Hedgebrook Extends Radical Hospitality in Cyberspace

By Hedgebrook Guest

Categories: General,

As writers, we’re constantly learning, improving our craft – or at least we should be. The ways you can educate yourself nowadays are mindboggling: get an MFA, participate in in-person workshops, attend conferences, read blogs or books, even take online classes. This last option is the one I personally like the best because it doesn’t involve travel (you know how we writers hate having to put on pants), can be done on your own schedule, and is significantly cheaper than traveling or getting a degree. Plus, many are taught by expert working authors with names you’d recognize – those who are at the place in their careers we all aspire to be.

I’ve been fortunate to participate in several types of online courses. The simplest have been through the Romance Writers of America and the Women’s Fiction Writers Association. These are usually done through a message board on the association’s web site in which an instructor posts a pre-written lesson and students respond online with their assignment and to one another. The instructor then replies. Margie Lawson’s Writer’s Academy takes this basic idea a step further by using a dedicated website that is easier to navigate than a traditional message board, allows for attachments, pre-recorded video lessons, and provides more in-depth and ongoing feedback from instructors. I’ve had great experiences with all of these and highly recommend them. But…

…by far, the most interactive and exciting online course I’ve taken was offered by our beloved Hedgebrook. Yes! They are now offering online courses in addition to in-person Master Classes! Back in October, I was fortunate to be one of eight authors who participated in the pilot of a course taught by award-winning mystery writer Elizabeth George. Even though I live in St. Louis, Missouri, I was able to see and ask questions of her by video/audio, interact with Hedgebrook staff in Whidbey, and talk with my fellow classmates across the country by audio, video and through tools within the program itself. Talk about fellowship! It’s as close as you can get to classroom learning without leaving your house. And all it required was headphones, a microphone, internet access and a little of my time.

Before the class started, we had a fairly short pre-reading assignment that prepared us for Elizabeth’s lecture. The class itself consisted of a live video lecture from Elizabeth, a Q&A session with her, a period where we could discuss the lecture with our fellow classmates and a homework assignment. There is definitely something special about having the lecture taught in real time by an instructor you can interact with then and there. It feels more “real,” without any of the distance that can be evident in other virtual learning situations. And it’s fun! The time flew by as my classmates and I talked about what we found most useful and which techniques we were going to employ in our future writing and in the homework assignment.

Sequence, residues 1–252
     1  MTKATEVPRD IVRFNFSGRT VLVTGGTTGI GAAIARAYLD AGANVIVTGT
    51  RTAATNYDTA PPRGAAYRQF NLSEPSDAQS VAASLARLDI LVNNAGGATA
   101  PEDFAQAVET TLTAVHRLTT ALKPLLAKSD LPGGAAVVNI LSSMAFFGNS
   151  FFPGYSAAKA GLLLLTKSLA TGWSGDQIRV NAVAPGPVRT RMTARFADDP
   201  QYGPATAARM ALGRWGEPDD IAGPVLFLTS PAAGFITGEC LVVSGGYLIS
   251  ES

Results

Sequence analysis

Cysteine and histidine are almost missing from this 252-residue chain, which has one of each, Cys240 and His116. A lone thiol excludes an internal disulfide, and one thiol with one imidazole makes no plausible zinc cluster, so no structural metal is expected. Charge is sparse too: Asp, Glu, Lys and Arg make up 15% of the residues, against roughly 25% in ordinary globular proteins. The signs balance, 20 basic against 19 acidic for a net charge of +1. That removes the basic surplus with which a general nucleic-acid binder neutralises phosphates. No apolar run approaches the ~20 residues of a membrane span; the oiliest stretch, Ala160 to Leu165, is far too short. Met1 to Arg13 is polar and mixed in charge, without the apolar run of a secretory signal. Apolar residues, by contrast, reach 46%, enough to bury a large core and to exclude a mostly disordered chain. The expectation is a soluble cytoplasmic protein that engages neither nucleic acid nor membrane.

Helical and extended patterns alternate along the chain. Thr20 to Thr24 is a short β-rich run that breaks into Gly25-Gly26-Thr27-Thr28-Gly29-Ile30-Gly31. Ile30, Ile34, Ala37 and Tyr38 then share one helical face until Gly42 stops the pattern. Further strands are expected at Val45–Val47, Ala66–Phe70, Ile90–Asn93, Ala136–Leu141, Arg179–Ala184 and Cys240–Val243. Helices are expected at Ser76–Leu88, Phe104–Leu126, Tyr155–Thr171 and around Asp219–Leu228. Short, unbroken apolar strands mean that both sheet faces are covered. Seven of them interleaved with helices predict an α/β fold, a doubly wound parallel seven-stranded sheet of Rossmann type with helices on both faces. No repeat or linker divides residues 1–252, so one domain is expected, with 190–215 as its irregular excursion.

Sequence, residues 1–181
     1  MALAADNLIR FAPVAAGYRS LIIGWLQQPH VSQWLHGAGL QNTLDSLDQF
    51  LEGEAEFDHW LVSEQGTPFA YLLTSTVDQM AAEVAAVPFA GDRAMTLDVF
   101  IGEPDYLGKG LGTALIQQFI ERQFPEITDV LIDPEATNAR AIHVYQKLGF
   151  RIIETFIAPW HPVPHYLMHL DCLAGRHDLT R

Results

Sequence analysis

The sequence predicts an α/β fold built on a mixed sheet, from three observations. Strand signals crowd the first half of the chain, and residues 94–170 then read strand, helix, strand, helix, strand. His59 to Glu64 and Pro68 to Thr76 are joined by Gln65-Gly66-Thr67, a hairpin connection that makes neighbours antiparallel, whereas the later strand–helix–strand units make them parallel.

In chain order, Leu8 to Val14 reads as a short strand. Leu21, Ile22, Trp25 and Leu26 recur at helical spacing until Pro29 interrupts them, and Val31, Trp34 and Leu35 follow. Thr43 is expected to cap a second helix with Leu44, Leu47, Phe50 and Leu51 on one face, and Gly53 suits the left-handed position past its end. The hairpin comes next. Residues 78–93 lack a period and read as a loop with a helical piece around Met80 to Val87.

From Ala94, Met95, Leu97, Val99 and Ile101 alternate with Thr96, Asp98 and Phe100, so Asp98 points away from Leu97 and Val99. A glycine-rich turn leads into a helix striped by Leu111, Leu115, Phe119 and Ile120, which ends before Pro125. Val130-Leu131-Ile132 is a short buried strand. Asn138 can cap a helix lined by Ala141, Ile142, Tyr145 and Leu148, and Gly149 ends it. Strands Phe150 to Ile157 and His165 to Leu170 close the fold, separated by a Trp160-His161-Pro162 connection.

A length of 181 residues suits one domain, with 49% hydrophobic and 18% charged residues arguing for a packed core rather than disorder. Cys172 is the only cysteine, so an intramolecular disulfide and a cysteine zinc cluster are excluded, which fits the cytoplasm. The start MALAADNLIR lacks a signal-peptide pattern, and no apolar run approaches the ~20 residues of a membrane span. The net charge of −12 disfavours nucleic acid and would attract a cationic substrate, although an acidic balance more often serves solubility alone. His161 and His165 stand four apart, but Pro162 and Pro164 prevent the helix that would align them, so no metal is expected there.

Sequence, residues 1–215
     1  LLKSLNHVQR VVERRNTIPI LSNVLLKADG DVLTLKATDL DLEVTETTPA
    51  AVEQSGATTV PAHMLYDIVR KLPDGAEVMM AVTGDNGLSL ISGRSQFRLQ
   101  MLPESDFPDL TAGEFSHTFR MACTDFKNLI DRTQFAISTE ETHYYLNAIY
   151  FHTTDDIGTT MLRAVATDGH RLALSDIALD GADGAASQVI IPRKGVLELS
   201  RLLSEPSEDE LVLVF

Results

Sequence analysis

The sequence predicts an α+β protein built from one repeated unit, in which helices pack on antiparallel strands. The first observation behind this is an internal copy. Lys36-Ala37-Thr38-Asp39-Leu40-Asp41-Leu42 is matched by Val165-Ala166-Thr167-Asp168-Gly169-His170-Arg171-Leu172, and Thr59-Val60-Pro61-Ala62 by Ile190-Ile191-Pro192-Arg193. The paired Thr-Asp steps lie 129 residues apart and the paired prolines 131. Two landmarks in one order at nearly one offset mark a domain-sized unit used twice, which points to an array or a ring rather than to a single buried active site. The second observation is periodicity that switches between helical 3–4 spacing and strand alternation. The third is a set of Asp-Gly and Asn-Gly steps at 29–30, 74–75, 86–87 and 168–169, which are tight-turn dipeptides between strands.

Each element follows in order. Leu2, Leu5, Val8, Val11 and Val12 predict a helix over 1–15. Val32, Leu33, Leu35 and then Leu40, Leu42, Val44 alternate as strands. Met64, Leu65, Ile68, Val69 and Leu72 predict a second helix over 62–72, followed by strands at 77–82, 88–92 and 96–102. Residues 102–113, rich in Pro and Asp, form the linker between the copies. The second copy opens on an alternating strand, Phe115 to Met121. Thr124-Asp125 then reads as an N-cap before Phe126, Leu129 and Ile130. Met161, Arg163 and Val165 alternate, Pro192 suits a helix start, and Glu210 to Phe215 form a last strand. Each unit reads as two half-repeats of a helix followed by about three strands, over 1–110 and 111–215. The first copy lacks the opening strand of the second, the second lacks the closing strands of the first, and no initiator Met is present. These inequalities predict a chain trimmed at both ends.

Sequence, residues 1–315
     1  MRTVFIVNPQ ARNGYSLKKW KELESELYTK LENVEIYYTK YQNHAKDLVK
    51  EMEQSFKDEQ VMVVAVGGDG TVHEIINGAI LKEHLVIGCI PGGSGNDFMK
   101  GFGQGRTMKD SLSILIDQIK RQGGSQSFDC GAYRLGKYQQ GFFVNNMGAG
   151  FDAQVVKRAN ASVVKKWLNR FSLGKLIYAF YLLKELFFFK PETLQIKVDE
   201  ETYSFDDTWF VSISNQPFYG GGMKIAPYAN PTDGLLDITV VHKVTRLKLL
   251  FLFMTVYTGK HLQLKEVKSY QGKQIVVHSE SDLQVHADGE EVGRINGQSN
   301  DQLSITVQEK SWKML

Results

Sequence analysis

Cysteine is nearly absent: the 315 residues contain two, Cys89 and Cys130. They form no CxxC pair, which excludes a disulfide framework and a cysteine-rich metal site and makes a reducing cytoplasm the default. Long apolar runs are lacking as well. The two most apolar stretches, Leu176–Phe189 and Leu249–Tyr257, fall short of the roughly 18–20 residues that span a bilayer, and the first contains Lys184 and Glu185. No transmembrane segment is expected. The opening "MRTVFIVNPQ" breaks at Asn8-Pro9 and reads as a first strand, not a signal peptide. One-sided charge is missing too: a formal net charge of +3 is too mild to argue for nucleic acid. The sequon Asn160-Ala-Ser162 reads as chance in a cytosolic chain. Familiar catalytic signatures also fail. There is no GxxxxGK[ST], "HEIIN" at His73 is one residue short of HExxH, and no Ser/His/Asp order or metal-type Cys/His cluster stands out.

The homework – which was challenging – was handled through an online forum similar to a message board, where we could post our assignments, talk to one another and Elizabeth, and offer feedback to each other. It was a great way to continue the feeling of community after the class was over. For those who take the full class this spring, I’m sure it will be a nice way to keep in touch between class sessions. I like to think of it as a “virtual Farmhouse Table,” but without the yummy food from Julie, Denise and Vito!

There are probably other places that offer online courses similar this, but you know Hedgebrook, they always offer something extra. To help us feel like we were really in residence, they included a special “care package” for online attendees. Ours included two of Elizabeth’s books (the non-fiction, Write Away, and one of her novels, both of which she referenced during the class), a sprig of lavender straight from Hedgebrook’s gardens (which took me back there right away), and a door hanger that says “Writer in Residence,” to remind us that we’re still part of the program even when not online. (I still have it on my bedroom doorknob to remind me that once because I’ve been a part of Hedgebrook, it will always be a part of me.)

So if you’re thinking about taking Elizabeth’s online course or any of the others Hedgebrook offers in the future, I have two words for you: DO IT! You will not regret it. It really is as close to a residency/Master Class as you can get without traveling. If you’ve already been to Hedgebrook, it will make you nostalgic for your time there, and if not, you’ll get a taste of what radical hospitality is really like. And hopefully, you’ll come away having learned a thing or two that will make you a stronger writer.

 

About the Author:

Nicole Evelina headshot horizontalDaughter of Destiny eBook Cover INicole Evelina is a St. Louis historical fiction and romantic comedy writer. She is one of only six authors who completed the first week-long Master Class taught by #1 New York Times bestselling author Deborah Harkness at Hedgebook in March 2014. Nicole’s first novel, Daughter of Destiny, the first book in a historical fantasy trilogy telling Guinevere’s life story from her point of view, was published on January 1. It’s available in ebook, paperback and audio book at most online retailers. She will publish three additional books this year. Visit her online at nicoleevelina.com.

 


 

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Hedgebrook supports visionary women writers whose stories and ideas shape our culture now and for generations to come. The opinions expressed here are not necessarily representative of the opinions of Hedgebrook, its staff or board members.

 

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